Jenn Jefferys is a freelance journalist based in Odawa (Ottawa) and co-host of the City and Nuuchimii podcast
In late January, a 66-year-old white man carrying 36 knives and plotting to “execute” politicians in advance of Newfoundland’s provincial election was only narrowly thwarted by Deer Lake police following a high-speed car chase. He was a Trump supporter, according to his Facebook history, and his hope was to “stop the election.” Sound familiar?
This story barely made a blip on Canada’s national radar when it happened. But it points to a worrying trend that’s shown no signs of slowing down since the Jan. 6 insurrection in the U.S. Capitol. The Canadian Anti-Hate Network (CAN) says many Canadian right-wing extremists were inspired by what they saw that day and have wanted to hold similar events in Canada. Thanks in large part to Donald Trump, these once fragmented groups are now actively organizing across generations and borders, united as “patriots” in what they see as civil war.
The world needs to brace itself for the next chapter of far-right extremism, Daryl Johnson, a domestic terrorism expert and former senior analyst with the U.S. Department of Homeland Security, tells me. “The people you saw in Washington on Jan. 6 are just regrouping now. They’re just waiting until the guard’s down.” Johnson doubts Canadians will ever see violence on the same scale as the United States but warns that far-right extremism remains a serious threat to public safety here.
Young white men have traditionally held the reins of these movements. But it would be a mistake to see this problem as exclusively white and male. White nationalist movements have successfully recruited racialized folks as active contributors, often former military members or law enforcement. The director of Canada’s Centre on Hate, Bias and Extremism, Barbara Perry, says the face of hate in Canada and around the world is changing. More minorities are joining up and so are more women.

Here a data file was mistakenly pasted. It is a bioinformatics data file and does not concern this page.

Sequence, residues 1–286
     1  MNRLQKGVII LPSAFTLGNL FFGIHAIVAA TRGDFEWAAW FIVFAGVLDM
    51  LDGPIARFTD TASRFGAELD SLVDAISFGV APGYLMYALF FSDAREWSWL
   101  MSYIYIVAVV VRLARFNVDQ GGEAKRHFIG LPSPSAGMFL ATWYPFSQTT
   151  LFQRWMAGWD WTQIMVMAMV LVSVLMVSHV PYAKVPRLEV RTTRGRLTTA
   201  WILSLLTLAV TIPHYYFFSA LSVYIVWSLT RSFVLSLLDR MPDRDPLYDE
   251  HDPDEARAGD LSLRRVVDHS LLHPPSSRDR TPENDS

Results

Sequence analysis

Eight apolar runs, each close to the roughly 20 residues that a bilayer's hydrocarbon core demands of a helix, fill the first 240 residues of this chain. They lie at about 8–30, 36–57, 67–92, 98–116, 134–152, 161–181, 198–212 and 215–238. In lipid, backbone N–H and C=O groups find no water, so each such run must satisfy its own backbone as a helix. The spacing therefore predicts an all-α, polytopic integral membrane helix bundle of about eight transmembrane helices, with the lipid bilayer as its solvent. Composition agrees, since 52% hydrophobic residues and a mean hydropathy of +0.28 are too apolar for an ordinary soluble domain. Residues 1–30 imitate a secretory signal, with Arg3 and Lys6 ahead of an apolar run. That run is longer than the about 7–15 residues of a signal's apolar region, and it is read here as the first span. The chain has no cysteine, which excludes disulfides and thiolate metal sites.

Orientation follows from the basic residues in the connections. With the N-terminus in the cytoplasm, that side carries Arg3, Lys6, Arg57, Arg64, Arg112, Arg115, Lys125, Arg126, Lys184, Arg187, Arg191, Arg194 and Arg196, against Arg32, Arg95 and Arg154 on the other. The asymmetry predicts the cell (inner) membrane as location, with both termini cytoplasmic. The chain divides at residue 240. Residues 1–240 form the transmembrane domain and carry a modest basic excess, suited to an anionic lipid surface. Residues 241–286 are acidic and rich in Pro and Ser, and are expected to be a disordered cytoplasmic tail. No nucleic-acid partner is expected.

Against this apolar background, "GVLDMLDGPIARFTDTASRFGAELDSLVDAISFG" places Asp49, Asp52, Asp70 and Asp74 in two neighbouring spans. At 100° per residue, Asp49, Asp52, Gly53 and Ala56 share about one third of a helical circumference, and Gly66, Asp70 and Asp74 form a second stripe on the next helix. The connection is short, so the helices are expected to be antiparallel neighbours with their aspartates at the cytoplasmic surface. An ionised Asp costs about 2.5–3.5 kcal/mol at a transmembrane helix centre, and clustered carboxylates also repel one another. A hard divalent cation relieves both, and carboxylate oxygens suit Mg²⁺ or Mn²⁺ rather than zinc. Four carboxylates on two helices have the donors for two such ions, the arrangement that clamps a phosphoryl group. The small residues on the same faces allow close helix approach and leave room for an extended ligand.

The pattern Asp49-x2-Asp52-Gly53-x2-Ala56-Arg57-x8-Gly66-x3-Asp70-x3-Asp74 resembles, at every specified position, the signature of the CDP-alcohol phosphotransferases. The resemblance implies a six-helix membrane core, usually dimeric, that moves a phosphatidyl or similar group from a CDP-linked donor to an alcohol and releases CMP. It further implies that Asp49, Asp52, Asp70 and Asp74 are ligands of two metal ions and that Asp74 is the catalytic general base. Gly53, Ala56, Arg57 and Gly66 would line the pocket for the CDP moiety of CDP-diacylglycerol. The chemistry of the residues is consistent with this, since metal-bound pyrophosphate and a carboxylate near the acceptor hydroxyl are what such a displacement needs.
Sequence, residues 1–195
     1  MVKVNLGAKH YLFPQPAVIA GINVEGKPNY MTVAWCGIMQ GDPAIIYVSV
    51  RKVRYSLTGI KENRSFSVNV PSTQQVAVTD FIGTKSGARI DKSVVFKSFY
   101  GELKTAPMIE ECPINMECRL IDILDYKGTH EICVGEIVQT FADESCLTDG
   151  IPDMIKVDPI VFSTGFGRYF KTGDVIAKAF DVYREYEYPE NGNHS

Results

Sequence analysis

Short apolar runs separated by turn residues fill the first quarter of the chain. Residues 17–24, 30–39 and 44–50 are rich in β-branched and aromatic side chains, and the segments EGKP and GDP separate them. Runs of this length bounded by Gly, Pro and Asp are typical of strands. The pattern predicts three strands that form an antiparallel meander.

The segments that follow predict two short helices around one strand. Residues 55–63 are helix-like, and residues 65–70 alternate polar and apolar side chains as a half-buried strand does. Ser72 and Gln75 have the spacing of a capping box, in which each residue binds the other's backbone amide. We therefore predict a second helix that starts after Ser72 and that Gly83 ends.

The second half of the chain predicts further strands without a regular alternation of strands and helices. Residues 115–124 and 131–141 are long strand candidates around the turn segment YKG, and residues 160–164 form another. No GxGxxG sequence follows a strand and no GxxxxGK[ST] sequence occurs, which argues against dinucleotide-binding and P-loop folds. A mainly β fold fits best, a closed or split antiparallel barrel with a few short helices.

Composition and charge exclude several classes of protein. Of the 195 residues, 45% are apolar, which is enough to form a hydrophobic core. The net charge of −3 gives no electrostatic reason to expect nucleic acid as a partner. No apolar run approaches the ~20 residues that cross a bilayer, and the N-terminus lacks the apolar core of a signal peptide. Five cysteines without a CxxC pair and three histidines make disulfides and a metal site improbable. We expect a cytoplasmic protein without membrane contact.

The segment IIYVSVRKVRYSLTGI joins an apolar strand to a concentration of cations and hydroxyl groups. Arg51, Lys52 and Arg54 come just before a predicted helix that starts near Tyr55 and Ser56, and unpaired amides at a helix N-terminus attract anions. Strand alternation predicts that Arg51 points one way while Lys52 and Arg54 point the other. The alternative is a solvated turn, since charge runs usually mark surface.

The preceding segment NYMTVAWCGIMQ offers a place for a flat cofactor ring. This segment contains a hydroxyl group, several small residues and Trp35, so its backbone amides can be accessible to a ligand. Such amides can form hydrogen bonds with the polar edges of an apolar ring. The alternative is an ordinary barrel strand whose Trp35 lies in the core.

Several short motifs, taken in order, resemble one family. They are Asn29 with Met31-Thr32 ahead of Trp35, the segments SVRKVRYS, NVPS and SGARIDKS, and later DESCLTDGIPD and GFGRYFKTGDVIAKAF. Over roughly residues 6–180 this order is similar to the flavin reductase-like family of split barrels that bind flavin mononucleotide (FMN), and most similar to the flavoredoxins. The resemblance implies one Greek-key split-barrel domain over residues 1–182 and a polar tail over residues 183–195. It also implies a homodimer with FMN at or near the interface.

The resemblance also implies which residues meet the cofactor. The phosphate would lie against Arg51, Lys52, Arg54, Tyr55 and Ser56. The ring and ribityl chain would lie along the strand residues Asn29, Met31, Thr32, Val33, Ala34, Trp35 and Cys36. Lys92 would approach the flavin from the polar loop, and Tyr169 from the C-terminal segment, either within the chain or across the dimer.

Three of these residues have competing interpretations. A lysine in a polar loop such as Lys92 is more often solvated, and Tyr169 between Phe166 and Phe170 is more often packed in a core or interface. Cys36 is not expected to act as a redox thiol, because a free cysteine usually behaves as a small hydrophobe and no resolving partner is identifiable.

“The ‘movement’ on the Capitol was much more diverse and much more animated by anti-statism and anti-authority sentiment than other incidents,” Perry says. “It was coloured as much by a belief in a broken system as by nationalism.”
To shrug this off as a threat that died along with Trump’s presidency, or as a purely American ailment, is as dangerous as it is apathetic. Canadians love to draw false dichotomies with our American neighbours. We’ve long claimed that we’re more polite or more civilized (debatable). That we don’t export far-right extremism or violent misogyny (we do); that our public institutions, like our news media, aren’t structured in such a way to benefit one race over another (they are); that Black folks aren’t killed by Canadian cops (they are); or that Indigenous people aren’t surveilled by the state (they are).
Thankfully, no assassinations of public officials have happened since our former clerk of the privy council, Michael Wernick, warned in 2019 that political toxicity could lead to someone getting shot. Although, it was only a year later, in July 2020, when a Canadian Forces reservist crashed his Dodge Ram through the front gates of Rideau Hall, with plans to “have the Prime Minister arrested.” He was carrying a small arsenal of weapons in his vehicle.
READ: What’s in store for a post-Trump America? An Idaho town may have the answer.
Canada’s public safety minister, Bill Blair, announced in February that Canada would be expanding its list of terror groups to include more white nationalists. Johnson doubts this will yield much impact: “It’s more of a symbolic gesture.” What’s likely to happen now, Johnson tells me, is that groups like the Proud Boys will simply disband, rebrand and resurface under a new name. In other words, none of this is likely to pose an existential threat to any far-right extremist organizing.
It doesn’t help that disinformation remains rampant online, disseminated through social media, podcasts and the dark web, while tech giants refuse to make substantive effort to slow the spread. One need only look to the groundswell of support for groups like Hugs Over Masks or The Line to see the sheer number of people refusing to follow basic public health guidelines because they’re convinced masks infringe on their civil liberties.
At his first major public appearance since leaving the White House at the Conservative Political Action Conference (CPAC) in late February, Trump spoke of several trendy right-wing preoccupations like free speech and cancel culture and hinted (again) that he plans to run in 2024. He also said it was “impossible” he could have lost the election, which was received with an impassioned chant from the conference floor: “YOU WON! YOU WON! YOU WON!”
In many ways, he did.
This column appears in print in the May 2021 issue of Maclean’s magazine with the headline, “The gathering storm.” Subscribe to the monthly print magazine here.